Hungary builds new hospitals, for example, in Vietnam. In 1950, the Communist leadership of the country felt it essential to help their Korean and Chinese comrades fighting against the United States by sending a complete hospital with the crew to the Far East country. Interestingly, the hospital is in operation still today.
Interestingly, the first contact between Hungary and the Korean Kingdom was established at the end of the 19th century. Hungarian travellers and doctors visited the Kingdom before and after the Japanese occupation. American and Soviet troops retook the country from the Japanese forces in the final days of WWII, but the winners of the war could not decide the fate of the Penninsula. Since the negotiations on reunification failed, in 1948, separate governments were formed: the socialist Democratic People’s Republic of Korea in the north, and the capitalist Republic of Korea in the south.
Hungary, as a country under communist leadership set up diplomatic ties with North-Korea almost immediately and in 1950, the first Hungarian ambassador arrived in Pyongyang. When the Korean war started, Mátyás Rákosi, hated and feared leader of the Hungarian communist regime, offered Hungary’s help and agreed with Soviet leader Stalin and the North Korean leadership that
he would not only send a team of doctors and nurses but a fully functional hospital with 200 beds to the Far East country.
The first crew and the equipment started their long journey on the Trans-Siberian Railway in the summer of 1950 to heal those wounded during the war. By 1951, there were 8 separate medical teams in North Korea and China, all working between horrible circumstances and being continuously threatened by the US air raids. For example, the first equipment sent to North Korea was destroyed by American bombers.
Therefore, Hungary sent a second team of doctors with a hospital for 400 people. Interestingly,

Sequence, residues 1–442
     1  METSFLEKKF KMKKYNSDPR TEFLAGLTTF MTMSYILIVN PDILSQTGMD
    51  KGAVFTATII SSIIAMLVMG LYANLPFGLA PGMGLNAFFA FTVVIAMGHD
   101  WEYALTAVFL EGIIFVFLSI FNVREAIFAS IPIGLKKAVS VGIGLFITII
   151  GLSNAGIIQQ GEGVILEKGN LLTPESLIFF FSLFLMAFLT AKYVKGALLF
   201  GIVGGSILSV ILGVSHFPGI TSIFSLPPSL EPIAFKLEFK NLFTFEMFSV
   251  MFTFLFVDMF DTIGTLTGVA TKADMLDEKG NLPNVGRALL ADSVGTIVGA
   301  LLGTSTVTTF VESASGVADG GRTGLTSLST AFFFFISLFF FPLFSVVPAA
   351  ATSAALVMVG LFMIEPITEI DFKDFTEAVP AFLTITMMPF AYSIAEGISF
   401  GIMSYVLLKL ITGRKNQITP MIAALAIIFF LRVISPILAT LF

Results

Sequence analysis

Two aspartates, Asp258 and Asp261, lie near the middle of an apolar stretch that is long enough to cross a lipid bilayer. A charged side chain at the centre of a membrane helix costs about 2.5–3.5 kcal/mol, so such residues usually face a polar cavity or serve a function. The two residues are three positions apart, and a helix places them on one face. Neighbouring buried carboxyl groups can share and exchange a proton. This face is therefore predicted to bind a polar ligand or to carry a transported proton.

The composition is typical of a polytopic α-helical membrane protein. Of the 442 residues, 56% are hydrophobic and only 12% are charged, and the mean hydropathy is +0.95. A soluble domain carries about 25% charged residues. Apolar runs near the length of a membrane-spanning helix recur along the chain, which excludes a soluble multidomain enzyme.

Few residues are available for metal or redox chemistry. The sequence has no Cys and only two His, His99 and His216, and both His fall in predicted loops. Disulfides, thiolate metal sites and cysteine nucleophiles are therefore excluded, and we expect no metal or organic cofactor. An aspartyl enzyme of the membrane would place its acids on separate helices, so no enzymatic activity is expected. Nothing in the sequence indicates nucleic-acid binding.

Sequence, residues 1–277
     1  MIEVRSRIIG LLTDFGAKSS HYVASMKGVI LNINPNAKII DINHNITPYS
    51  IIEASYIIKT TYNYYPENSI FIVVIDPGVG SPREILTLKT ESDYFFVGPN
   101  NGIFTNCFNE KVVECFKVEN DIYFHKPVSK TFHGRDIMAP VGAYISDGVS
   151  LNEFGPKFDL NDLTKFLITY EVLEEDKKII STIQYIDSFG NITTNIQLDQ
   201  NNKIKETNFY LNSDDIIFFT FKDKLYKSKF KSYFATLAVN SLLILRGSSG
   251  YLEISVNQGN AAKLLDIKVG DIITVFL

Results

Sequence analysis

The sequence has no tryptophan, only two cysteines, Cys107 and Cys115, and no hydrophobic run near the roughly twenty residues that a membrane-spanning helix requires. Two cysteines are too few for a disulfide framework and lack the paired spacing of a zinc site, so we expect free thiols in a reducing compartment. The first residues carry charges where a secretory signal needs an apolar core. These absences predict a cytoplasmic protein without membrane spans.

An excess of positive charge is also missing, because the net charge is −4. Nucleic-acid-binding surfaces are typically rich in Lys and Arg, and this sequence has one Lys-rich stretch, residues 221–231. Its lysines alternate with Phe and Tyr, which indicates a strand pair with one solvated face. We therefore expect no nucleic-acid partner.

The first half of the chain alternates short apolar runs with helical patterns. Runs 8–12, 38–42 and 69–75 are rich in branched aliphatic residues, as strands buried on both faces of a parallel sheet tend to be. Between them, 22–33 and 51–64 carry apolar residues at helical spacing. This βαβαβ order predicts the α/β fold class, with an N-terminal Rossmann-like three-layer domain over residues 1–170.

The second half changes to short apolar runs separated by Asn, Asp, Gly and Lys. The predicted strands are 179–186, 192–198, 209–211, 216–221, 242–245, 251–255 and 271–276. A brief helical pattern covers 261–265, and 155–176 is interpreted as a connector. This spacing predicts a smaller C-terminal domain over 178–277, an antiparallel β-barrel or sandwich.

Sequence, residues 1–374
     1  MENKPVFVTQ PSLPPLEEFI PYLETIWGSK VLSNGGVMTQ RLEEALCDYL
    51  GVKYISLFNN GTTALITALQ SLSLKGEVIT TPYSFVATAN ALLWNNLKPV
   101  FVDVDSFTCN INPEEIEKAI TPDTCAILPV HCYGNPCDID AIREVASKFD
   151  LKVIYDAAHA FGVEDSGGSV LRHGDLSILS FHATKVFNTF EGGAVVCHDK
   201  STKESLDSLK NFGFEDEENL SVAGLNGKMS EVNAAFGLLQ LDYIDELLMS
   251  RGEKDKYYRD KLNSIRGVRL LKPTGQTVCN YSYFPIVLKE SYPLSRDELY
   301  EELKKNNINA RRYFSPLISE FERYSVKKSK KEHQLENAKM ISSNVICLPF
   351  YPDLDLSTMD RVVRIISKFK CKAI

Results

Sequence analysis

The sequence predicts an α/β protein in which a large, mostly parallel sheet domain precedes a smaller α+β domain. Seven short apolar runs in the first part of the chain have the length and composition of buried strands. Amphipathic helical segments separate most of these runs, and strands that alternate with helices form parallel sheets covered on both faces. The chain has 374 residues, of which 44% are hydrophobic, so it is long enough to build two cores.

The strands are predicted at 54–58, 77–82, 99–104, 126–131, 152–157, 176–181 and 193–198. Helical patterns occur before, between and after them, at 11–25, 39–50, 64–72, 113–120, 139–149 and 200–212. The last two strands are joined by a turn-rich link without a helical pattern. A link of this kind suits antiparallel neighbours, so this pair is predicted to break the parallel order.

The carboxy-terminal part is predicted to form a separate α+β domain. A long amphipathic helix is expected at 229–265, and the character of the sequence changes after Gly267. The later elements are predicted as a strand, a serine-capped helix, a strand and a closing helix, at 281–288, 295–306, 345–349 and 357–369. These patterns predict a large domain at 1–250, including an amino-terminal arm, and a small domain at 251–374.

during the North-Korean occupation of Seoul, the today capital of South Korea, the Hungarian unit of doctors lead a hospital for 2,500 people.
Finally, the Hungarian doctors moved to Sarivon, a big North-Korean city south from the capital, Pyongyang where they created the Mátyás Rákosi Hospital.
The hospital treated wounded soldiers there until 1953 when the two Koreas signed an armistice agreement which is still in effect. Among the Hungarian doctors, there were some well-known persons, too, for example, Frigyes Kulka, father of popular Hungarian actor, János Kulka, László Gyarmati, brother-in-law of the famous Hungarian poet Miklós Radnóti, and Miklós Böszörményi, an outstanding specialist of pulmonology.
The last Hungarian team of doctors started their journey towards North Korea in 1956. Since the Hungarian revolution of 1956, the relationship between the two countries grew cold. The North Korean government ordered the almost 1,000 Korean students to return home immediately, and the last Hungarian doctor had to leave North Korea in 1957.
In the 7 years, the altogether
225 Hungarian doctors and nurses spent in North Korea they helped more than 120 thousand patients and did more than 7,000 surgeries –
the Hungarian News Agency said then. Today, a bilingual column commemorates their deeds in the garden of the hospital. The Mátyás Rákosi hospital is still in operation and, based on information, bears the name of the Hungarian communist leader even today.